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Creature Feature: Coming Home to Roost

The practices of big agribusiness—and some irresponsible locals—may bring chickens into your shelter

The practices of big agribusiness—and some irresponsible locals—may bring chickens into your shelter

The trend away from factory-farmed eggs is a good one, as long as locavores who decide to raise chickens meet their physical and social needs.
MIKE WARREN/FLICKR CREATIVE COMMONS
Going against well-known advice, Mary Britton Clouse started counting her chickens before they hatched.

“We saw the chicken boom coming,” she says ruefully.

A few years back, a local community education center added courses on urban agriculture, and one of them focused on raising chickens in order to get their eggs.

“Half the curriculum was egg recipes,” Clouse says.

She’s not sure what the rest of the curriculum covered. If it was how to care for the birds, she thinks most of the class should have received Fs. “You wouldn’t believe the conditions that people who’ve taken this class are keeping their birds in,” she says.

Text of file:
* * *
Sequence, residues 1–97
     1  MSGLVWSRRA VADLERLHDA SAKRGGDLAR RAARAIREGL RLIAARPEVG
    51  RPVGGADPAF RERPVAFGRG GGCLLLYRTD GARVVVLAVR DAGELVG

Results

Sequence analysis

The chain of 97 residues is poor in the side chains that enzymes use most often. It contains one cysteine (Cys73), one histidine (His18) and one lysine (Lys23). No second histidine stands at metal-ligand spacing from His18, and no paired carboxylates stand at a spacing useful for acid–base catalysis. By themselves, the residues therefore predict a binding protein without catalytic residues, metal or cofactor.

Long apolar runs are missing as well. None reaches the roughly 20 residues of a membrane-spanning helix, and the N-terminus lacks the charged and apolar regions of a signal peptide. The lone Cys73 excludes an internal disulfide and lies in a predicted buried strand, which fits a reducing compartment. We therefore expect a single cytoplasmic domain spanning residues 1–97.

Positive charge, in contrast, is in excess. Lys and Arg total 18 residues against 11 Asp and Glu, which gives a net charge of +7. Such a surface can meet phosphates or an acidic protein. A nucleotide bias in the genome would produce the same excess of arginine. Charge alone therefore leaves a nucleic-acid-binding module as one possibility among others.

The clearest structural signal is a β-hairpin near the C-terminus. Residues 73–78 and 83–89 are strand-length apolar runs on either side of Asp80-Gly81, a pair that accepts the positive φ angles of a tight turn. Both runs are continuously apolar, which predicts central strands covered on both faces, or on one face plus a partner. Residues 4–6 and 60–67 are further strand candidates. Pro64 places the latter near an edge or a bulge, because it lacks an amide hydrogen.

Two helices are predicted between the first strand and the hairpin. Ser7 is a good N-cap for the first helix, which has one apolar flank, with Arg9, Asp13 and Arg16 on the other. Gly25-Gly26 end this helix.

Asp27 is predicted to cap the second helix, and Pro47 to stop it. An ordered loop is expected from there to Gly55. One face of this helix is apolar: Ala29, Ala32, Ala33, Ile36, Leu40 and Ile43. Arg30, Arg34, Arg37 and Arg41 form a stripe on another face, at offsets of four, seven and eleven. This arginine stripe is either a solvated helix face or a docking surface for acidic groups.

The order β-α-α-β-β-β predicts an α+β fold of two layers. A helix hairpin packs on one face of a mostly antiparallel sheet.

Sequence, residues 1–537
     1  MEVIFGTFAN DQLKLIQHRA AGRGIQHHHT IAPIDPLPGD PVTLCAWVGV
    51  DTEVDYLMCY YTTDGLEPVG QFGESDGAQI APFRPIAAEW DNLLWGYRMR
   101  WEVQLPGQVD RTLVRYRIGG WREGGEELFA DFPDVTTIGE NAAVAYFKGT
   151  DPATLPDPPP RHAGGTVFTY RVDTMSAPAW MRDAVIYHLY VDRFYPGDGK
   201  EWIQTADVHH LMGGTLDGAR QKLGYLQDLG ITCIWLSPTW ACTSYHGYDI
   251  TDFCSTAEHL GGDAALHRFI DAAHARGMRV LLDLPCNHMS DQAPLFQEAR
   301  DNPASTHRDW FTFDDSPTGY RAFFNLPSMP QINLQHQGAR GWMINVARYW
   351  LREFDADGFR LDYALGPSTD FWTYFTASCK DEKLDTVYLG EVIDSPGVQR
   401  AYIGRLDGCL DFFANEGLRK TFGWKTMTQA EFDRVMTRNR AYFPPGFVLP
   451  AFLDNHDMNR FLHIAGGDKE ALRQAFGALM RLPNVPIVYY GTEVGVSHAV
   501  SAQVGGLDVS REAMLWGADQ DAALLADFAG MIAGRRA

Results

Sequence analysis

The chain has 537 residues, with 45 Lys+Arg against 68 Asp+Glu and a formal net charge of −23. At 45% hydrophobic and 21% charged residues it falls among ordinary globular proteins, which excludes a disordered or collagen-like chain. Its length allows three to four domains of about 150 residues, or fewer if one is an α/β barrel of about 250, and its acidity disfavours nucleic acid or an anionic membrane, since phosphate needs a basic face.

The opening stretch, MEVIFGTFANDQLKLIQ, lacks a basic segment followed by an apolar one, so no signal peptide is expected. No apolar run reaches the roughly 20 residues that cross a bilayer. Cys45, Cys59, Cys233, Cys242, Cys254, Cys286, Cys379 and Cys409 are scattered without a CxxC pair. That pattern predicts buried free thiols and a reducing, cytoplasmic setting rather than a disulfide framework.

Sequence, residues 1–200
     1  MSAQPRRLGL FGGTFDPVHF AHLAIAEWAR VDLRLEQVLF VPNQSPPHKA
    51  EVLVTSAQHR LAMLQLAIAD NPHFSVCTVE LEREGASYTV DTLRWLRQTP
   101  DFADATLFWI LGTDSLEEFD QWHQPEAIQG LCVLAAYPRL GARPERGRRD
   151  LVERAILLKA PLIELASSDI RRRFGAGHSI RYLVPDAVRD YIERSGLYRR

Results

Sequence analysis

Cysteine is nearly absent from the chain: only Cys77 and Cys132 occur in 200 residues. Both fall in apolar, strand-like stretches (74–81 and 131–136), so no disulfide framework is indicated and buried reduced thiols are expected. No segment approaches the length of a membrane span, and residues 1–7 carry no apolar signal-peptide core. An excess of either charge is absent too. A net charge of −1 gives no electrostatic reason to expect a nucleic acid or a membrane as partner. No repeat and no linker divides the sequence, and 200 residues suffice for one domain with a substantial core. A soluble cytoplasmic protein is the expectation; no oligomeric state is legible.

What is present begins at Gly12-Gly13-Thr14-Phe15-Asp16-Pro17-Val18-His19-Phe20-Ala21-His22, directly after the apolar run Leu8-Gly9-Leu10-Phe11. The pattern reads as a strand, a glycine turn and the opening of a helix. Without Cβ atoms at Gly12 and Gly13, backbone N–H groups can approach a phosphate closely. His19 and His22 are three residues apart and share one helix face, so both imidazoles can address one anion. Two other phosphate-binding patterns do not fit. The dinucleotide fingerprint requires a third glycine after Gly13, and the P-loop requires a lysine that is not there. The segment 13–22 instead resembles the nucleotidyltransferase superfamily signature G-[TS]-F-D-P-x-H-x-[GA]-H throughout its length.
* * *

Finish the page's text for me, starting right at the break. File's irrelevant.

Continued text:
Clouse and her husband head up Chicken Run Rescue, a group in Minneapolis that takes in and places neglected, abused, and abandoned poultry. Many of the birds come to them via Minneapolis Animal Control (MAC), whose officers pick up stray chickens in many areas of the city, says MAC animal control officer Nancy Johnson.

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